As the weather turns colder and the evenings draw in, the decoration on every high street and department store is inevitably replaced with the glittery, bauble-festooned swags which herald the whirlwind season of Christmas, the most magical and the most stressful time of year. Social Media is buzzing with responses, positive and negative, to the Christmas advert from John Lewis & Partners. As Forbes contributor and CEO of Ideasicle.com, Will Burns, says, it “...re-frames how a customer might look at gifts...” What if we re-framed how we look at Christmas?
The Christmas Performance
Over the last few years, I have realised how overwhelming the need to perform over the Christmas season is, so this year I am determined to ‘re-frame Christmas’. When I was a child, I loved the Christmas season; the warm glow which swirled around our house, my mum’s festive cooking and homemade mince pies; carols and choir music and our tree full of homemade ornaments. As an adult, I couldn’t wait to begin creating traditions of my own, but this year I am looking more closely than ever at the value and purpose of my traditions. How can I keep the right focus through the lens of my life?
To do or not to do?
Firstly, I need to tackle the large list of stressful, rushed and jam-packed “have-to’s.” The children won’t remember exactly how many mince pies I cooked, how many different vegetables were served for Christmas lunch; they will remember the time we spent together and the love we shared. So, together as a family, we are making a list of things we truly enjoy doing around the holidays. Hot Chocolate with a candy cane, walking around the neighborhood to look at lights, gingerbread cookies; such little joys, but things that matter most to the children. These are the things I will make my number one priority – the moments we will treasure for a lifetime. I will ask myself: Are we having fun? Is this meaningful? Is this working for us?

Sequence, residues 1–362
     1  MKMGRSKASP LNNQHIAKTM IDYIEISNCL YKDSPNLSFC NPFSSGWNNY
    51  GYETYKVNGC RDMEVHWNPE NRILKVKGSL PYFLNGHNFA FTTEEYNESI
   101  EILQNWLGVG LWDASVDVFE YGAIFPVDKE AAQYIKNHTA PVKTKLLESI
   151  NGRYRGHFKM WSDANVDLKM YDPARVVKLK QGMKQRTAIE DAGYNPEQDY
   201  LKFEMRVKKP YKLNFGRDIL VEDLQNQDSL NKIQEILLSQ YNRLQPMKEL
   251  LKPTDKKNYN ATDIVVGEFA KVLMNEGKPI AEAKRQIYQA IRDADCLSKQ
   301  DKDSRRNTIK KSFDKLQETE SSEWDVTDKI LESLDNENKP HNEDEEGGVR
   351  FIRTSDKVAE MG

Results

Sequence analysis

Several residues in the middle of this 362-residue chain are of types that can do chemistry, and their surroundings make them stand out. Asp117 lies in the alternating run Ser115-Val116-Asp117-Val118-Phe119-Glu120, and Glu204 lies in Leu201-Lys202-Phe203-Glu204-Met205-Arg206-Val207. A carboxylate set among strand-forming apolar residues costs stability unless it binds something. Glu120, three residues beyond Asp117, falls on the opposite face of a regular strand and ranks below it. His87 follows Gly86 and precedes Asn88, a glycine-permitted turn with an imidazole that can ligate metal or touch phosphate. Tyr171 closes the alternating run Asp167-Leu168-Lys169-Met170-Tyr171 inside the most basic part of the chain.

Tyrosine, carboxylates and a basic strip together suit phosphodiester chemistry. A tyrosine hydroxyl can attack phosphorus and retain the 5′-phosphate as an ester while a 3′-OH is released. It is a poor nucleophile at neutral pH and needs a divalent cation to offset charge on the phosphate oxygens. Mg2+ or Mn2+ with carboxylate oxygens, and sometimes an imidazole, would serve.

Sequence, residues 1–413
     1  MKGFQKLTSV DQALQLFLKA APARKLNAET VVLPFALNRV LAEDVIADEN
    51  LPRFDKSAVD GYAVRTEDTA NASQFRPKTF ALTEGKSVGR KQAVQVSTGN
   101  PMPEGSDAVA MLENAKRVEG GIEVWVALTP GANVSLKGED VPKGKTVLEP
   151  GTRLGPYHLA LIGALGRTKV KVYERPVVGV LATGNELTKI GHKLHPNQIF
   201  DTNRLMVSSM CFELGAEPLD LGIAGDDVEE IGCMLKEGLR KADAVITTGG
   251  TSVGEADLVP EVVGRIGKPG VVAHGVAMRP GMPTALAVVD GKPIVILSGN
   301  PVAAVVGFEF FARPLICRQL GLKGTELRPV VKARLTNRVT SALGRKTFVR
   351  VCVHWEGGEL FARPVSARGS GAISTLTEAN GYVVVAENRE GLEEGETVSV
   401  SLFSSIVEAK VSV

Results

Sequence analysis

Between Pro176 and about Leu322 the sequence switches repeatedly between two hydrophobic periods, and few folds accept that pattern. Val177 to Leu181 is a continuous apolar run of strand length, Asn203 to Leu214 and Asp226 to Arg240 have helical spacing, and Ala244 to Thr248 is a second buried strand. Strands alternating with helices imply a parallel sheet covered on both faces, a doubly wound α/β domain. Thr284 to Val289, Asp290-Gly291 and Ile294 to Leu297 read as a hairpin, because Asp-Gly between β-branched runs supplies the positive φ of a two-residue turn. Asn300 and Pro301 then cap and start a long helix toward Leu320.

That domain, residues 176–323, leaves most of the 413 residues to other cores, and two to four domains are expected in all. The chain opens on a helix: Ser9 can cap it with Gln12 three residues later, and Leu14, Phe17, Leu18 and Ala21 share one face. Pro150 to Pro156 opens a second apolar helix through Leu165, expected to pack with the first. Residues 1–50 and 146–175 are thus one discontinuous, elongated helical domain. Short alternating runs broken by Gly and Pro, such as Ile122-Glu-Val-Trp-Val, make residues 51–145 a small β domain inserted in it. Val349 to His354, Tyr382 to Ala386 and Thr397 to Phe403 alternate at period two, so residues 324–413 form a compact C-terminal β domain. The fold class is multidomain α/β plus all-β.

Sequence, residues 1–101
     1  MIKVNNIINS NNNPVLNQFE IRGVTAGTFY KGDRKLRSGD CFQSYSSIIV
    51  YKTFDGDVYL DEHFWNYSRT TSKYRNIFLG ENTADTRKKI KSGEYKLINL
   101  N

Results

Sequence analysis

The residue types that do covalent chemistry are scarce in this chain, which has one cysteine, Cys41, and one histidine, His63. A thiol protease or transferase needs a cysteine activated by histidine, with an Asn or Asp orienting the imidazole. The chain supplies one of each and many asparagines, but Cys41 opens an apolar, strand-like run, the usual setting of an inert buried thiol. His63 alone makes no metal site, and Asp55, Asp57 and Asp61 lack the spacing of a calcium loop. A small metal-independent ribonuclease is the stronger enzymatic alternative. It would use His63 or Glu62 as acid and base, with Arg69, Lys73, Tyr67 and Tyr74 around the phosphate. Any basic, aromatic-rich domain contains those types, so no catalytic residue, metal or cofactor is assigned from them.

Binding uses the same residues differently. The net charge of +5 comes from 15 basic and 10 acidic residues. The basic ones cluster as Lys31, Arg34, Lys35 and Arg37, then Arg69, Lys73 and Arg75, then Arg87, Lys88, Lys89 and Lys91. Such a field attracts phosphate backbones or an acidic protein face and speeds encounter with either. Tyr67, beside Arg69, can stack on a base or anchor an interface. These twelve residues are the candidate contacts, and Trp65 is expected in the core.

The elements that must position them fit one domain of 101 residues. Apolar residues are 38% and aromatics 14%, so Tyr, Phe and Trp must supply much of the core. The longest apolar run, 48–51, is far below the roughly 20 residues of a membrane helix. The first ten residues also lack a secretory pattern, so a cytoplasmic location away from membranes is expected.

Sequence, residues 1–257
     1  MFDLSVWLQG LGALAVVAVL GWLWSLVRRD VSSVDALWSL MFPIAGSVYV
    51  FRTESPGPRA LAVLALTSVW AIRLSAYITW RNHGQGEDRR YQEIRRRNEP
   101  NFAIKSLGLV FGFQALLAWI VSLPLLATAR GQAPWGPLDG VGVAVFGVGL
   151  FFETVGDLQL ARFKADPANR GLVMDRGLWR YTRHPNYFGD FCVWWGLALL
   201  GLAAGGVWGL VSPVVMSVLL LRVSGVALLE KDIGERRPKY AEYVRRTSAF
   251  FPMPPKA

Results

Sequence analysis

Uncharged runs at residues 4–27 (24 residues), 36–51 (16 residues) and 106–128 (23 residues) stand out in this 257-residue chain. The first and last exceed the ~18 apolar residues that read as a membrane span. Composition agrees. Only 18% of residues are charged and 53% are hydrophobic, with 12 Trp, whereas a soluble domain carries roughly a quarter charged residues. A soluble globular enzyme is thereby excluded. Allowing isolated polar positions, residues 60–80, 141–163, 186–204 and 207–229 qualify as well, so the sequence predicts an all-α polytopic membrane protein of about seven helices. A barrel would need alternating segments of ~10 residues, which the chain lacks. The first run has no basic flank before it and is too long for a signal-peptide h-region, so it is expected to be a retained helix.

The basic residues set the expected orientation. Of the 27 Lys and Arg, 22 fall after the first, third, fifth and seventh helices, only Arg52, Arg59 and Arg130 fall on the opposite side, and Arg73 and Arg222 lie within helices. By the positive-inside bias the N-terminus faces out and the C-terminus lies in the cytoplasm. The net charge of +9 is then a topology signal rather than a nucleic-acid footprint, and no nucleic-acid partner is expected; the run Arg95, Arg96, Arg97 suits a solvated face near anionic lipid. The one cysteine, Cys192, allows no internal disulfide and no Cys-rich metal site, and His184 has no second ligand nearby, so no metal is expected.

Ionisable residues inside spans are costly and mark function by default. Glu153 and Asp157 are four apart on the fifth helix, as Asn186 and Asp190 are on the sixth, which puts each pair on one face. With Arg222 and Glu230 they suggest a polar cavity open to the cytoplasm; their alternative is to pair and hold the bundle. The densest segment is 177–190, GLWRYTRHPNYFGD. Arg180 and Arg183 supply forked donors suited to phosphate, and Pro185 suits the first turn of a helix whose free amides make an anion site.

Secondly, I will not throw a big Christmas party at my house for all my friends and neighbours, but instead give them a call, visit or have them stop by individually for some cookies and coffee and conversation sometime during the month. Quality time where they will know how much I value their friendship and love – not a gift which, as George Monbiot so powerfully writes, will “seem amusing on the first day of Christmas, daft on the second, embarrassing on the third. By the twelfth they’re in landfill.” I will show them my love through my time and genuine pleasure in their company.
Why I can’t be Elton’s mum
Thirdly, I absolutely adore this advert. It's one of my favourite songs and it really touches my heart. However, this year, I must resist the all too persuasive tone of adverts such as the John Lewis one – are we really convinced that "Some gifts are more than just a gift...?” Maybe I should be, but the gifts I need aren’t for sale in any department store. What is so powerful about the John Lewis advert is that, like Elton's piano, it suggests that a gift has the potential to take on a thoughtful and transformative mission in someone else's life. Shouldn’t I aspire to give gifts like that? Don’t my children deserve their own ‘piano’ which will hold the key to their future success? For Elton, the gift of a piano was, we now know, a gift of gold records, of fame, of knighthood and so much more. But at the moment the gift was given, it was just a mum wanting to make her child happy at Christmas. I am that mum too; I want to see their happy faces alight with joy as they unwrap their gifts, but they won’t want a stressed-out mum, burdened with debt and swimming in non-recyclable plastic toys.
So this Christmas, I will give time, love and memories. There will be presents under the tree, but they will be purposeful, useful and respectful of the planet. There will be a lovely Christmas meal – but not at the expense of being present with the children. I will take the time to breathe in and out and be thankful for all the wonderful memories and lessons I have learnt this year. So as the Christmas songs begin to play on the radio, the ornaments call from your storage containers in the loft and that demanding to-do list starts forming in your head, remember to take a deep breath and go easy on yourself. Decide what 'have –to’s' really have to be done. Let the rest go and enjoy this time with your family.